The few who can play the property, equity and derivatives game earn huge incomes, driving up prices for all.

In the discourse on the nature of inflation in India, one aspect has been largely neglected: the ‘wealth effect’, or the impact of rising asset markets on inflation.

Rising asset prices are generally considered to be a result of inflation — when people pursue higher returns than the inflation rate — rather than a cause of it. However, it is time the latter, too, were given some consideration in the Indian context.


The returns from rising property, gold, equity and commodity markets contribute significantly to overall demand. The fact that asset values can rise independently of productive forces widens the demand-supply gap.

The resulting inflation, in turn, feeds a hunger for high return assets, giving rise to an inflationary spiral. This seems to be well entrenched, at least in the case of property, and more recently gold, in India. What initially begins as a pursuit of an inflation-plus rate of return then becomes a sort of speculative game. A small elite plays this game, leaving the rest behind.

In the case of commodities, the impact of rising prices is felt directly by the real economy. Therefore, the role played by ‘financial innovators’ is more disturbing. For instance, international coffee traders are apt to argue that in six months, the fundamentals catch up with prices driven up by speculators, leading to a ‘correction’. But during this period, a clutch of executives at trading terminals would have made their packet, driving up prices of everything around us, while real economy participants pick up the tab. If roasters and their employees are hit by high prices, producers and farm workers are hit, by both loss of incomes and inflation, when the smart ones press the ‘exit’ button.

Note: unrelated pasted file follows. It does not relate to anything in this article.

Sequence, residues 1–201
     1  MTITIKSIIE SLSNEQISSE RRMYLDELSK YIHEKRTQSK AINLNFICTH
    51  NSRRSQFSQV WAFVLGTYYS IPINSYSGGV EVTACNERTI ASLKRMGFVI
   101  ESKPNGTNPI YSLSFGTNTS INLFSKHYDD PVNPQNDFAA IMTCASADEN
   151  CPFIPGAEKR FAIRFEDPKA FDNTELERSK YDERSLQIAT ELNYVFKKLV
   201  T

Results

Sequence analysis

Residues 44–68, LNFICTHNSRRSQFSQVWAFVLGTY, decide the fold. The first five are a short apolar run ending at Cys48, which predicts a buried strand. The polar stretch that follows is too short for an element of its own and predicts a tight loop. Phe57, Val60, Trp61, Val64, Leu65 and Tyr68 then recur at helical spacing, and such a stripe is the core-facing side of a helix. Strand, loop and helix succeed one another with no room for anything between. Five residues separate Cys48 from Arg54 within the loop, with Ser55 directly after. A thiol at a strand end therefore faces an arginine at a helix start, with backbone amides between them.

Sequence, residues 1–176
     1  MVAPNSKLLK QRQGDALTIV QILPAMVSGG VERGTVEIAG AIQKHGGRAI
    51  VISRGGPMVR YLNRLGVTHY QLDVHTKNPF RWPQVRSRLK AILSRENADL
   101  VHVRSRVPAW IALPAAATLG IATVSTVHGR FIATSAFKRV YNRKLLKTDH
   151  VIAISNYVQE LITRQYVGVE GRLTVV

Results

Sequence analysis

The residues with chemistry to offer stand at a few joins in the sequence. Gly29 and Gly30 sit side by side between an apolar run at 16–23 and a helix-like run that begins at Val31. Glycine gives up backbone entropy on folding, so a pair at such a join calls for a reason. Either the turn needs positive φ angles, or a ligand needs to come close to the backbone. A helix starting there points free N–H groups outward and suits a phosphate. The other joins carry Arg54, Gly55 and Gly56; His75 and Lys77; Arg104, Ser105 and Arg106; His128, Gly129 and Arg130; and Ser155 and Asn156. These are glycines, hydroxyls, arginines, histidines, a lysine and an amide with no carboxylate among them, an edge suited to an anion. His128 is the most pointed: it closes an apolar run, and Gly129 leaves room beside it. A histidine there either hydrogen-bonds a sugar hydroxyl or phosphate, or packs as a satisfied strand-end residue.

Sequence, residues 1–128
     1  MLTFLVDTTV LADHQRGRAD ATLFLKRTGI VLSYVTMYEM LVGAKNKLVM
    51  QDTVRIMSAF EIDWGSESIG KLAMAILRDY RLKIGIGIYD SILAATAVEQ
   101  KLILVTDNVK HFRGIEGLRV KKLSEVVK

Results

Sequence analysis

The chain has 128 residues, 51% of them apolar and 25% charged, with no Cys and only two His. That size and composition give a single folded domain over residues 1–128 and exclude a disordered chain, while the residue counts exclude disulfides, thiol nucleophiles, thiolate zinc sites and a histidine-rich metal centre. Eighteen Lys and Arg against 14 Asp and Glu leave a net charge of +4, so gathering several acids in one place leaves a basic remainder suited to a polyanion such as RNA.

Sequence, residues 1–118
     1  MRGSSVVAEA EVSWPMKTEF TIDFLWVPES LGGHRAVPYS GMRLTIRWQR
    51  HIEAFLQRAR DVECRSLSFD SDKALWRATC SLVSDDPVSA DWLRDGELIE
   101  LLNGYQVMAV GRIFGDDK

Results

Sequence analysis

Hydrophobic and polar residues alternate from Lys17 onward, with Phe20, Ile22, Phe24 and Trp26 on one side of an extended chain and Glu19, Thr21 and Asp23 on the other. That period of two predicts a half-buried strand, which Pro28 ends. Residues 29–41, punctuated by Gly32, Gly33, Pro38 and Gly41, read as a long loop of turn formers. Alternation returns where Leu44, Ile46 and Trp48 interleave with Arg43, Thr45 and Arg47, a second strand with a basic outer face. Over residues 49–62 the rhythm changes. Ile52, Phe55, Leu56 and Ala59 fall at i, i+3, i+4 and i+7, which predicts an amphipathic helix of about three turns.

Imagine the real economy and wealth-effect impact in the case of a more essential product traded on the commodity exchanges.

The RBI does not explicitly discuss these dynamics in its reports, even as it expresses concern from time to time on the property market and rightly imposes lending curbs.

Asset-driven inflation is best addressed by such specific measures. Interest rate interventions may not be helpful. Lower interest rates may fuel asset speculation, as witnessed in the Alan Greenspan years. And, higher interest rates may hurt some productive sectors, without affecting those already raking in higher returns than the inflation rate. (A heads-I-win-tails-you-lose situation!)

This may explain the failure of high interest rates to contain inflation in India. They may well have left asset-based inflation quite untouched on the one hand, while actually stoking inflation to the extent that it impairs bonafide productive activity.

There can be no denying that the growth of India’s finance, real-estate and insurance sectors has outpaced that of the economy (see table 1).

Commodity trading volumes have picked up sharply since 2008, although its slump in 2012 suggests a stronger correlation with the economy (see table 2).

While there is no reliable data on the property sector, the anecdotal evidence suggests that prices are rising in most metros, even though the rate of increase is less than in the 2004-09 period. The rise in gold prices is too well known to need recounting.